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TABLE OF CONTENTS Page No. I.  II.  III.  INTRODUCTION ..................................................................................................... 1  FACTUAL BACKGROUND.................................................................................... 3  ARGUMENT ............................................................................................................. 4  A.  B.  The Preliminary Injunction Standard .............................................................. 4  The Studios are unlikely to succeed on the merits. ......................................... 5  1.  2.  Zediva involves only private performances, not public performances. ........................................................................................ 5  The Studios have chosen to avoid questions of fair use and secondary liability by alleging only direct infringement by Zediva, but Zediva’s users initiate the transmissions, not Zediva. ..... 12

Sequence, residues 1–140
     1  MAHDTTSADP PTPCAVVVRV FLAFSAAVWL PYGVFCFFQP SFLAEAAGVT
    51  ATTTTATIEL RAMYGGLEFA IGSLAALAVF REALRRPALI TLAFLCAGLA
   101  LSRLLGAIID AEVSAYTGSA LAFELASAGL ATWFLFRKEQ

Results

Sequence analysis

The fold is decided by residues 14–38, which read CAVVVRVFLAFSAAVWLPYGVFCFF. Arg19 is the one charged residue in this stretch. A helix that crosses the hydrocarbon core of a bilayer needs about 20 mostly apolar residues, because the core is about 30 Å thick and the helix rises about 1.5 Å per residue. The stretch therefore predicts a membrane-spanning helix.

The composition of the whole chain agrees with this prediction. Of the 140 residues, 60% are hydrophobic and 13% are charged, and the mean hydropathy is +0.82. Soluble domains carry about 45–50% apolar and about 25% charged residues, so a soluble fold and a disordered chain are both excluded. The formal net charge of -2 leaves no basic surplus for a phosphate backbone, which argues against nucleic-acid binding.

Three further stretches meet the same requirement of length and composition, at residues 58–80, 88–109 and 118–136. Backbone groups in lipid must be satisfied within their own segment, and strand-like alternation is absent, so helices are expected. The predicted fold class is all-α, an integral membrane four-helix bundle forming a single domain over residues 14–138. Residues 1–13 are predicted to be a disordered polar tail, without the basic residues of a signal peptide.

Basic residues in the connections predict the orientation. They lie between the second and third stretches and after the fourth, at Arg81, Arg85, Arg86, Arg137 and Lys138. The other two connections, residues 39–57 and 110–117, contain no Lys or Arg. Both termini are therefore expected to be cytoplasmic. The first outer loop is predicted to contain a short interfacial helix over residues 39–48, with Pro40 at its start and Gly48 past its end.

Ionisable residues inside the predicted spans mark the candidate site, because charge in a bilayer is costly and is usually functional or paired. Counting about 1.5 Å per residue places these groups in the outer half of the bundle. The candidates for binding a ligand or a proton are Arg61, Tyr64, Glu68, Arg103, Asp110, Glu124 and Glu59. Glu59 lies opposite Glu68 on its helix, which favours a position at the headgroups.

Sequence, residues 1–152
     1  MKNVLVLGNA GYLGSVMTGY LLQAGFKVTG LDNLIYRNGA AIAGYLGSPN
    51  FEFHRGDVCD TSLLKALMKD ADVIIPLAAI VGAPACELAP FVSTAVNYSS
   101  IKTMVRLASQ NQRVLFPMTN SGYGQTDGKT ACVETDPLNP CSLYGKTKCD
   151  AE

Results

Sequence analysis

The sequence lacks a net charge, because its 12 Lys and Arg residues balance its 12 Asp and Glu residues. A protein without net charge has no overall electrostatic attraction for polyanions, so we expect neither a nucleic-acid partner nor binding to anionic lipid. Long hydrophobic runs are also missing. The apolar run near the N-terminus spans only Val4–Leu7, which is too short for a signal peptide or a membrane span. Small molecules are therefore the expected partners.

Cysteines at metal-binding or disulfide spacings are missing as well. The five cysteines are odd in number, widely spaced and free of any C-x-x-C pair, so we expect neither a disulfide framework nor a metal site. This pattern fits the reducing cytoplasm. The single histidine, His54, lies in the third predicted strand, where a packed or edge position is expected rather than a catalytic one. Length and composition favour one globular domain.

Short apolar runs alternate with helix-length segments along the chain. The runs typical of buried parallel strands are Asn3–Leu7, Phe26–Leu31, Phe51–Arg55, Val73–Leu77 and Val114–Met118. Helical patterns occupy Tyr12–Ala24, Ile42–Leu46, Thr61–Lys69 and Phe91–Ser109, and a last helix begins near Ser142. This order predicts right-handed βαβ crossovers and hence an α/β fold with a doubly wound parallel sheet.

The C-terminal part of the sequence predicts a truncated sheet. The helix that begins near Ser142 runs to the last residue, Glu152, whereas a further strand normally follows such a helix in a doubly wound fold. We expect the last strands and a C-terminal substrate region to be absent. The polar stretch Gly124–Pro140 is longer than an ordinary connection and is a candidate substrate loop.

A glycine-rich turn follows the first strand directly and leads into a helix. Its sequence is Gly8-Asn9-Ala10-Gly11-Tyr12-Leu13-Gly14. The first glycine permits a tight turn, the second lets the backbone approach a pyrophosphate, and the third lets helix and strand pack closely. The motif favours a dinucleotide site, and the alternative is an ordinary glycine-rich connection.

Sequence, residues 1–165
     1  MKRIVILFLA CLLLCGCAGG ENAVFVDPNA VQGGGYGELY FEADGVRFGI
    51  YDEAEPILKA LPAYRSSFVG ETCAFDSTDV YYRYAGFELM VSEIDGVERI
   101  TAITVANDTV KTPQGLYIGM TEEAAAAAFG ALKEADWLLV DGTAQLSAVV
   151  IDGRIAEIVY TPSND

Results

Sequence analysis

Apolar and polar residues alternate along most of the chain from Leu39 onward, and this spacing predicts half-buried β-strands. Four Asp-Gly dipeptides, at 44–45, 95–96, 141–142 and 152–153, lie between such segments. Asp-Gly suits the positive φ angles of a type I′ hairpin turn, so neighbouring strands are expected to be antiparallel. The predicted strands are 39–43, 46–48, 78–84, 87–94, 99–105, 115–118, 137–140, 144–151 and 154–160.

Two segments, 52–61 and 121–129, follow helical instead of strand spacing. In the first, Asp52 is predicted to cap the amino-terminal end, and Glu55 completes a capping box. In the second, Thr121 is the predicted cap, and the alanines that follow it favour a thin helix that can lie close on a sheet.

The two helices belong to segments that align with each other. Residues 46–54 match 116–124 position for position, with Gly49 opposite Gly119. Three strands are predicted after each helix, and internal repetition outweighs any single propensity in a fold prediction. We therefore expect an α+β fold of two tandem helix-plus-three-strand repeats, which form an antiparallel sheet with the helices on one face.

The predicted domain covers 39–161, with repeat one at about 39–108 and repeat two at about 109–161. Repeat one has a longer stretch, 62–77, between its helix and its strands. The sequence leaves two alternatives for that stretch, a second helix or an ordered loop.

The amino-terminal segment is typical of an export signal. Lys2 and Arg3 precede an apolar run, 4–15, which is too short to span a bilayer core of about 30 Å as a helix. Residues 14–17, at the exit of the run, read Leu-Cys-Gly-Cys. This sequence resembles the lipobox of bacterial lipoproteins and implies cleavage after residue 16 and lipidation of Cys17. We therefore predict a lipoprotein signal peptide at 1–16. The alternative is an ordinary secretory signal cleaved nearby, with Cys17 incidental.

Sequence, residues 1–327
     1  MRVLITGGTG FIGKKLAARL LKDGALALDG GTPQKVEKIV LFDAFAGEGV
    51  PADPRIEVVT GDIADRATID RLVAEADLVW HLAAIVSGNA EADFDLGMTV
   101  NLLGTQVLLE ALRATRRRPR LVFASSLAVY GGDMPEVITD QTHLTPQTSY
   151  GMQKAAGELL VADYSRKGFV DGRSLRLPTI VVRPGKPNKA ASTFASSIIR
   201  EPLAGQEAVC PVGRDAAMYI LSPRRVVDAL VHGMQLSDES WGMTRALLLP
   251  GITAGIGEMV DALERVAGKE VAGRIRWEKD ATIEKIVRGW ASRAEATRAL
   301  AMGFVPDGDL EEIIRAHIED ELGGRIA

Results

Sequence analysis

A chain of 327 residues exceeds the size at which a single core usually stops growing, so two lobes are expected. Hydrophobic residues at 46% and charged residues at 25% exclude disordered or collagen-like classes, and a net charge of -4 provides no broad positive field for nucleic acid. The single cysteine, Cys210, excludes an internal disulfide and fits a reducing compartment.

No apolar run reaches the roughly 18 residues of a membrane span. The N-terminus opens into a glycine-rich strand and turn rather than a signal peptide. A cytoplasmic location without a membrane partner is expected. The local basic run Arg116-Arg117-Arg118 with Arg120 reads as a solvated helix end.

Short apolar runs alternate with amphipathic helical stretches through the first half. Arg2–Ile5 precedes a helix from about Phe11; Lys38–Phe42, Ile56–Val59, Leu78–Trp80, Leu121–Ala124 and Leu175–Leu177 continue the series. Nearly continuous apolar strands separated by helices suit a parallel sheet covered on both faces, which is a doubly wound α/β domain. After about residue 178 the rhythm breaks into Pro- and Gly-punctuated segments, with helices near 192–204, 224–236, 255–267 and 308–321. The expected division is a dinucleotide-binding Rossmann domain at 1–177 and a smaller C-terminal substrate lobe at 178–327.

10 11

C. 
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The Studios cannot demonstrate irreparable harm. ....................................... 16  Granting the motion would put Zediva out of business, so the balance of hardships tilts against the Studios. ............................................................ 21  The public interest is in equipoise, and does not favor the Studios. ............. 23 

D. 
13 14 15 16 17 18 19 20 21 22 23 24 25 26 27 28

E.  IV.